For all 3 measurements (right and left hind legs, forelegs) controls,
Hypox f G H , Hypox + PRL. and Hypox f all hormones were not
different from each other, but were significantly different ( P < 0.01)
from Hypox, Hypox + ACTH, Hypox + FSH. Hypox + LH. and
Hypox + TSH, days 3-18, The latter groups did not differ significantly from each other at any time. ACTH = adrenocorticotropic
hormone: FSH = follicle-stimulating hormone: LH = luteinizing
hormone; TSH = thyroid-stimulating hormone; FCA = Freund‘s
complete adjuvant. See text for additional details.
The extent of adjuvant arthritis was determined by
measuring the horizontal diameters of the feet with a caliper
every third day. Because of the nonspecific inflammation
that developed quickly in the injected foot of all animals,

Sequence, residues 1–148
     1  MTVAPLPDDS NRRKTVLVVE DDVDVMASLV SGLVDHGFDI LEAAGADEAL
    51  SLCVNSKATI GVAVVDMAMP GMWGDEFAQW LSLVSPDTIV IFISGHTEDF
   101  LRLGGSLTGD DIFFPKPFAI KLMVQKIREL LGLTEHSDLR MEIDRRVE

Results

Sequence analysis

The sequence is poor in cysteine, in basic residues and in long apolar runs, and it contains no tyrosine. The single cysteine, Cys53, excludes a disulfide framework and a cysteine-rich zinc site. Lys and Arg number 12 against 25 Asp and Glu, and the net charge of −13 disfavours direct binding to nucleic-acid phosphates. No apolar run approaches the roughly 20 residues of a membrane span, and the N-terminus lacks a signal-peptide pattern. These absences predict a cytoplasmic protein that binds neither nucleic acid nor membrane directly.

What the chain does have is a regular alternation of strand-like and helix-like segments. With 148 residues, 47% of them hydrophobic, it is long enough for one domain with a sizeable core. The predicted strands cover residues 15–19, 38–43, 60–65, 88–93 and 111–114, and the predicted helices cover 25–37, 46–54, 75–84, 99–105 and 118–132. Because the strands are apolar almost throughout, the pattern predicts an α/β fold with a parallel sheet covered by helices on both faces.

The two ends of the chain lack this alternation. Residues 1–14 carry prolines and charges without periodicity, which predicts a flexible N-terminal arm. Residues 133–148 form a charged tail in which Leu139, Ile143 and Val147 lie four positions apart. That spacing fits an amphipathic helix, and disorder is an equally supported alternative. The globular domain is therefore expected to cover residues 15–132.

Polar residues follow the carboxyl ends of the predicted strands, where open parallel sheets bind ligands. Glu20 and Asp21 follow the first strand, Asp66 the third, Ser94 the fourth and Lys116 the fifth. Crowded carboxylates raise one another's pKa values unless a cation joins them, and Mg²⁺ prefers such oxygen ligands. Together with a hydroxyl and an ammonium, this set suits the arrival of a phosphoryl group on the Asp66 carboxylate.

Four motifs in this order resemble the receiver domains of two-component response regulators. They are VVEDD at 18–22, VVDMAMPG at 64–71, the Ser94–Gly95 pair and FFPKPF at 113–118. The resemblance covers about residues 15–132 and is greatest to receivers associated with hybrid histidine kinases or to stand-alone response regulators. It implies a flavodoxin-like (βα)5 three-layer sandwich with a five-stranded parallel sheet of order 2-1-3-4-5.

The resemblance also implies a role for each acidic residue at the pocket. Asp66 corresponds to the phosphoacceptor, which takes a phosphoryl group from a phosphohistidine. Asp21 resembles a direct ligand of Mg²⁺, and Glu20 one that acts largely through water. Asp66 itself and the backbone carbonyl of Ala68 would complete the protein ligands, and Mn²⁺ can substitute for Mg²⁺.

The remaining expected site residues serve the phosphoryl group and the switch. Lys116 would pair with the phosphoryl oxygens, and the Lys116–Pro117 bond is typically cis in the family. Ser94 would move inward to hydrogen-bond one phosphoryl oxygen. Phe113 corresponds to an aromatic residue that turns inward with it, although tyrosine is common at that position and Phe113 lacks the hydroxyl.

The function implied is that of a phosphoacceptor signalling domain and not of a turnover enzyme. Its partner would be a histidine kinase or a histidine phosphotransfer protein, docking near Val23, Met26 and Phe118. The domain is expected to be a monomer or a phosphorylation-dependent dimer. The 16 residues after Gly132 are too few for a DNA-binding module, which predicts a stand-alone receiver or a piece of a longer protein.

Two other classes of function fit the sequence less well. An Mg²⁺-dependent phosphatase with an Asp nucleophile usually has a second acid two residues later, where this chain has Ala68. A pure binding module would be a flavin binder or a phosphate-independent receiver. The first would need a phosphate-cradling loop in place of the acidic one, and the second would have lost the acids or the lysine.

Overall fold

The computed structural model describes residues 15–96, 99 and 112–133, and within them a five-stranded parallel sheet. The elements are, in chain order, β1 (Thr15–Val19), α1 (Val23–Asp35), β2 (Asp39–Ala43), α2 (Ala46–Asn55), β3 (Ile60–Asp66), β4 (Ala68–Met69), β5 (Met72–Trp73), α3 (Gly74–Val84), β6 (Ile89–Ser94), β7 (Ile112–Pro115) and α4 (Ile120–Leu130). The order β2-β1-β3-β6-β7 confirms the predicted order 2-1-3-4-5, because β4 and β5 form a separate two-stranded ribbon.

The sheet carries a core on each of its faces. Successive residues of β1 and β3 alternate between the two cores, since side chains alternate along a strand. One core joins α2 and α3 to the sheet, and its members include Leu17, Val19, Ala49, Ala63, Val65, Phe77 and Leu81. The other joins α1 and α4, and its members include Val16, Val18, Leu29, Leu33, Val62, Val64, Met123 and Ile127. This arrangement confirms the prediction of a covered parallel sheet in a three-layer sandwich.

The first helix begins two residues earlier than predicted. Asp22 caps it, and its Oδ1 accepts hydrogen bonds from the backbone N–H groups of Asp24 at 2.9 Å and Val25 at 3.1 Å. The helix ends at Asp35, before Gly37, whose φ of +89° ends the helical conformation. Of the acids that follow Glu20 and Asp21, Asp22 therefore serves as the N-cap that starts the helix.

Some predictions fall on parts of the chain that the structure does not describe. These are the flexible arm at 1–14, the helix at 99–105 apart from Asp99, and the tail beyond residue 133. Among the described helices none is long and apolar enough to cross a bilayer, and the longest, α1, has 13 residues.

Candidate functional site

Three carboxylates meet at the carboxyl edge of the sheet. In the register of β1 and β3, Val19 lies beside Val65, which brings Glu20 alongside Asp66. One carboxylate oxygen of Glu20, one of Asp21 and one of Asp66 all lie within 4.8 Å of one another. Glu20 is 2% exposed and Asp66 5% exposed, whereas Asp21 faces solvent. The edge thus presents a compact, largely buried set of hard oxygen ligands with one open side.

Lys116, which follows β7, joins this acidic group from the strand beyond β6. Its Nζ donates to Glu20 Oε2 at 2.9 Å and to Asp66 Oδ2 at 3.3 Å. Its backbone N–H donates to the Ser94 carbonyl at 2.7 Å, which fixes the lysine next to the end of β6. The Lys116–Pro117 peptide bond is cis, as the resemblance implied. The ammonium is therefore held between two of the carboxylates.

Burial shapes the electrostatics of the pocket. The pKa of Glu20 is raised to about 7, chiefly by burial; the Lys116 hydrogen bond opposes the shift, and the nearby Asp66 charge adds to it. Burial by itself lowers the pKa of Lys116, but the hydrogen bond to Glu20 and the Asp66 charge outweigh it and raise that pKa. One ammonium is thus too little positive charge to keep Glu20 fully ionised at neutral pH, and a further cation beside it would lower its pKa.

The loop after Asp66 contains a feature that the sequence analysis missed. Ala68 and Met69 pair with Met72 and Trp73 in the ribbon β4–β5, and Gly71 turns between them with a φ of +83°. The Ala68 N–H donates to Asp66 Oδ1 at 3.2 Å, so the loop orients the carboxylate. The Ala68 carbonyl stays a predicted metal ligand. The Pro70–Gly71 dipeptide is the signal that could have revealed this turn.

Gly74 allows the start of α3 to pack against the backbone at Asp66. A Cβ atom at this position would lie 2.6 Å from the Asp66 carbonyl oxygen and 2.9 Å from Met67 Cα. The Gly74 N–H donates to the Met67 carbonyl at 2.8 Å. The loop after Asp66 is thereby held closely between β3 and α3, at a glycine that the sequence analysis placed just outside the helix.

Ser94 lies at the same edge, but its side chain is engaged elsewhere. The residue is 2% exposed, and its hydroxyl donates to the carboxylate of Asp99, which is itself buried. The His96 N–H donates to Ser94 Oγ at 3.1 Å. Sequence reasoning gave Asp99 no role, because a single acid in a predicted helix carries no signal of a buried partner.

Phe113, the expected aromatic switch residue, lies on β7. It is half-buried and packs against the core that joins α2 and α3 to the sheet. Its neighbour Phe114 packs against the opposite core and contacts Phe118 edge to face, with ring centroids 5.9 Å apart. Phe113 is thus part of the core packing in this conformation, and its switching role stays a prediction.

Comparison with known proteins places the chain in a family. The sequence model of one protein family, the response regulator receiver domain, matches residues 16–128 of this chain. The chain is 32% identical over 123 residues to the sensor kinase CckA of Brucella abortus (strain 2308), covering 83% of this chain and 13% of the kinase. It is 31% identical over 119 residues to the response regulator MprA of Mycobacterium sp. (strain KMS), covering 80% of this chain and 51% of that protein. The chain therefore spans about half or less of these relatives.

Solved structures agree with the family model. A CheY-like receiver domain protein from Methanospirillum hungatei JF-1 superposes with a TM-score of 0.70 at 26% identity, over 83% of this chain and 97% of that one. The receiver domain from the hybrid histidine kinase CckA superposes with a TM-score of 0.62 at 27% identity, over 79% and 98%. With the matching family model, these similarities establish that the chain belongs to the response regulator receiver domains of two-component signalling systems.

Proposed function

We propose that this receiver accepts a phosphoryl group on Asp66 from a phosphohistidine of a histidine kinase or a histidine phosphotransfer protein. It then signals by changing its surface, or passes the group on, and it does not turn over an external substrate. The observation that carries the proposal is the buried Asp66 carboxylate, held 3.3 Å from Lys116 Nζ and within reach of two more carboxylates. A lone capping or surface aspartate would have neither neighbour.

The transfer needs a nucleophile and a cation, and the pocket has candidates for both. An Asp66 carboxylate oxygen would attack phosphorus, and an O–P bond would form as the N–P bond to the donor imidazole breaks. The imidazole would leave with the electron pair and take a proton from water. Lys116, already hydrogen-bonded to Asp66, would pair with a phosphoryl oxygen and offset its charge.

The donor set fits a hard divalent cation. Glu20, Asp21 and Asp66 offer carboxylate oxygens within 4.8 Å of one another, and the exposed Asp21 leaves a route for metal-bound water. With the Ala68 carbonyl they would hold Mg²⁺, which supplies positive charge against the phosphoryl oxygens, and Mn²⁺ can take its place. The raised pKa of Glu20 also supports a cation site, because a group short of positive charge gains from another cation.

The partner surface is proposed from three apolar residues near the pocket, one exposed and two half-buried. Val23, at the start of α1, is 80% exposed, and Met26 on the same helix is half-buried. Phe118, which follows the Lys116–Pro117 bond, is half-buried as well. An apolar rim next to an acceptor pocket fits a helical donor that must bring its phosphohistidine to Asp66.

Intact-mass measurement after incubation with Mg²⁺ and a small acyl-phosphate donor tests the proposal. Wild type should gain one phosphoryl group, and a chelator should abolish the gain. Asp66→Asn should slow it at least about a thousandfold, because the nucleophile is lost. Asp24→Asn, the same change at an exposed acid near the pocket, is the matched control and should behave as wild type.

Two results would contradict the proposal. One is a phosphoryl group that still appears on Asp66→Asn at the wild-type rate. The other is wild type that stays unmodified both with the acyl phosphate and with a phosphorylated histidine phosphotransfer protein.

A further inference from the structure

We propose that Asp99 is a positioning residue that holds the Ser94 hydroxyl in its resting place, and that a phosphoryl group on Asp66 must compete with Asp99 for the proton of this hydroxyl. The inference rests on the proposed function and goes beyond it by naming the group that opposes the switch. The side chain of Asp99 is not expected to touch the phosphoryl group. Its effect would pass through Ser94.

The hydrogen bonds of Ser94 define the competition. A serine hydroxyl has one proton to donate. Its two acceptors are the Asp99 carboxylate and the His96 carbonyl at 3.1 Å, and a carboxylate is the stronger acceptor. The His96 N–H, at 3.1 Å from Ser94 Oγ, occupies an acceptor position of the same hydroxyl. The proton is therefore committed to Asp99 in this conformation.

data obtained for the left and right hind paws were averaged
separately, whereas the diameters of forefeet were pooled.
Hormone and drug treatment. Treatment was initiated on the day of immunization as follows: ACTH (purified
cortrophin, Sterivet Laboratories, Ltd., porcine, potency I
1U/mg); follicle-stimulating hormone (FSH: NIAMDD-rat
FSH-B2, activity 3 x NIH-FSH-SI); growth hormone (GH:
NIH-GH B18, bovine, biopotency 0.81 IUimg); luteinizing
hormone (LH: NIAMDD-bLH-4, bovine, biopotency 2.4
<0.5%; TSH <0.1%; FSH <0.5%; LH <0.5% by weight
(determined by RIA). We were unable to obtain similar
estimates regarding the purity o f ACTH and TSH. All the
hormones were administered subcutaneously-GH, PRL,
and TSH in saline, and ACTH, FSH, and LH in oil.
Effective doses of ACTH, GH, PRL, and BRC had
been titrated in previous experiments (24-26). Immune reactivity of hypophysectomized animals can be restored by
daily subcutaneous injections of 100-200 pg/kg of GH or